What does this mean for a nonprofit website? You can design your website to use a sense of community to your advantage. For example, Mothers Against Drunk Driving (MADD) created an infographic highlighting that 3 out of 4 teens do NOT drink alcohol. This statistic frames the narrative in a way that puts teens that do not drink in the majority, in the hopes their peers will follow and assimilate to the larger group.
Similarly, a nonprofit website can use this inherent need to be a part of a tribe in creative ways, such as creating a banner that says "Join 21,000 others and subscribe to our newsletter." People want to be a part of a community, and they'll believe in the legitimacy of a cause if they see proof that other people similar to them support the cause as well.
Tyranny of Choice
We tend to believe that having more choices is a good thing - but as it turns out, having too many choices can hinder decisions and your success.
In one study on the effects of having more options, researchers set up a sampling table with a display of jams at a California grocery store, displaying 24 jam jars one day and six jam jars the next. The results: more people stopped for samples when 24 jars were displayed, but more people purchased the jams when there were only six samples out.
The takeaway for nonprofit websites: sometimes, less is more. For example, consider your website and the pages dedicated to requesting donations from visitors. Is the CTA to donate the primary focus of the page, or do you also have multiple social sharing buttons, a CTA to subscribe to your newsletter, and maybe even a CTA to register for an event on the page as well? If this sounds like your organization's site, you need to simplify the options you are giving your visitors so that they are not left feeling overwhelmed when deciding what action to take next. By cutting down on the decisions your fundraisers have to make, they're able to focus more on the action you want them to take.
Sometimes thinking is hard. That's why your brain appreciates default choices – like ordering the same thing for lunch everyday at your usual place or opting to take the same route to work in the morning. Quite simply, routine or "default" choices are easier and quicker to make because you don't even have to think about them.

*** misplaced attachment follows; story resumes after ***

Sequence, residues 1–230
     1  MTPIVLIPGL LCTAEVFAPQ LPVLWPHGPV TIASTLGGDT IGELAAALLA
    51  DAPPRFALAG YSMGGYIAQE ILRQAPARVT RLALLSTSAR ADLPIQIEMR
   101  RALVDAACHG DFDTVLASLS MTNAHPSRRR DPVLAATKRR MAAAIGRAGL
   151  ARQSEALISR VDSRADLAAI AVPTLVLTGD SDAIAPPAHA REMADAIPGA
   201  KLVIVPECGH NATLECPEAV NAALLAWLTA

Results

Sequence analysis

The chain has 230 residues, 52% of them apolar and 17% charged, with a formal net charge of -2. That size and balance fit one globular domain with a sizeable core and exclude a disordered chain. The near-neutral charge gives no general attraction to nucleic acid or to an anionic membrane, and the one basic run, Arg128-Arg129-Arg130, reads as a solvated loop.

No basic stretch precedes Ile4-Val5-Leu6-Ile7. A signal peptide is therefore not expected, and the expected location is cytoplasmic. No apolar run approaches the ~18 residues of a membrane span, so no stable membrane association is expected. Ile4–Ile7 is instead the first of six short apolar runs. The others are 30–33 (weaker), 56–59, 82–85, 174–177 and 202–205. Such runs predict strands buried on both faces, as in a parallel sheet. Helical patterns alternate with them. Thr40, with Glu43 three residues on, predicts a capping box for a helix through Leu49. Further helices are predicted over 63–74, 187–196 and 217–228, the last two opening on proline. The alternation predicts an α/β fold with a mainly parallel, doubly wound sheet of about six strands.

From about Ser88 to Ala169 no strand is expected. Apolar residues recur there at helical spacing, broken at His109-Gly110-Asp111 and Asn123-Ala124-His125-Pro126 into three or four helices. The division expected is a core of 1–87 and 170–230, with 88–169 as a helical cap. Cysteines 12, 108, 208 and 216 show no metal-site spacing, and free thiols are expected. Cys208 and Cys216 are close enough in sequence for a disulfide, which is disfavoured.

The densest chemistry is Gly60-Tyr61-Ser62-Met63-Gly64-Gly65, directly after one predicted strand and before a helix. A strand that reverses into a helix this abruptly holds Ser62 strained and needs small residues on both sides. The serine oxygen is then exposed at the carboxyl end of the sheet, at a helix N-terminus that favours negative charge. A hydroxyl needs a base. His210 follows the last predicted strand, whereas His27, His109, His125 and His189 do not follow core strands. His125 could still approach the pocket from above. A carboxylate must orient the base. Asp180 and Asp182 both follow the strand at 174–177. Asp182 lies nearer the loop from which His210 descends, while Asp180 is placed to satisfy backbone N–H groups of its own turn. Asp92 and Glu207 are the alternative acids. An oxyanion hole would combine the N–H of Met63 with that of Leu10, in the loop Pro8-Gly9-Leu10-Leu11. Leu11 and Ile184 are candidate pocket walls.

An interesting example of how using default choices can direct people to a desired outcome is the organ donation process in Europe. In this example, research shows that European countries where citizens are asked to opt-in to organ donation have significantly lower organ donation rates than similar countries that ask people to opt-out. The difference in organ donation rates isn't because the citizens of Denmark, Germany, and the United Kingdom don't care about the issue. Rather, the decision to donate one's organs is a weighty, emotional decision that isn't pleasant to think about and can leave people unsure of what to do. That's where default options come in! They make the decision for your audience!
The great news is that nonprofits can capitalize on this behavior! Make it easier for people visiting your website to choose the preferred action by making it a default choice. For instance, if you want people to subscribe to your newsletter, instead of asking them to subscribe on the next form they fill out, have the subscribe box pre-checked. This will give them the option to opt-out if they would like, but will also make the decision to opt-in easier as it is already selected. Defaults are hard to resist, and by making the default choice the action you want your constituents to take, you can greatly increase your desired conversions.
You know what your goals are - why not make it as easy as possible for your constituents to help you reach them? By integrating anchors, herding, simplifying, and adding defaults to your nonprofit web design, you'll be able to optimize your site for the conversions you need to grow.